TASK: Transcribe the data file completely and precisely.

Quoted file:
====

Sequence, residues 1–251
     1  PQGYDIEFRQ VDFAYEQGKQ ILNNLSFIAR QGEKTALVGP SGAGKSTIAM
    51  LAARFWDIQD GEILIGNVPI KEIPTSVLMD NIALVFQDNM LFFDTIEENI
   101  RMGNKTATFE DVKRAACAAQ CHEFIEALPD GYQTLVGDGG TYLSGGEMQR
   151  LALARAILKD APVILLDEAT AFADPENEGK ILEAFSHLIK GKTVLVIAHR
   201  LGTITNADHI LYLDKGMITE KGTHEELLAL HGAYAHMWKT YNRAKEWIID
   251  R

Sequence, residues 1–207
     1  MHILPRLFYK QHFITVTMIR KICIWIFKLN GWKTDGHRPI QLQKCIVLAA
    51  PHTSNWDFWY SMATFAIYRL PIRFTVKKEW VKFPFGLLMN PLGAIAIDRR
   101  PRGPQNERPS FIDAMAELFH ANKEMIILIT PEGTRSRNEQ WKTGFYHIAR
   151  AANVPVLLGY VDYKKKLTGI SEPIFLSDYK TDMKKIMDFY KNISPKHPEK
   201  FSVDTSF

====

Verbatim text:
Sequence, residues 1–251
     1  PQGYDIEFRQ VDFAYEQGKQ ILNNLSFIAR QGEKTALVGP SGAGKSTIAM
    51  LAARFWDIQD GEILIGNVPI KEIPTSVLMD NIALVFQDNM LFFDTIEENI
   101  RMGNKTATFE DVKRAACAAQ CHEFIEALPD GYQTLVGDGG TYLSGGEMQR
   151  LALARAILKD APVILLDEAT AFADPENEGK ILEAFSHLIK GKTVLVIAHR
   201  LGTITNADHI LYLDKGMITE KGTHEELLAL HGAYAHMWKT YNRAKEWIID
   251  R

Sequence, residues 1–207
     1  MHILPRLFYK QHFITVTMIR KICIWIFKLN GWKTDGHRPI QLQKCIVLAA
    51  PHTSNWDFWY SMATFAIYRL PIRFTVKKEW VKFPFGLLMN PLGAIAIDRR
   101  PRGPQNERPS FIDAMAELFH ANKEMIILIT PEGTRSRNEQ WKTGFYHIAR
   151  AANVPVLLGY VDYKKKLTGI SEPIFLSDYK TDMKKIMDFY KNISPKHPEK
   201  FSVDTSF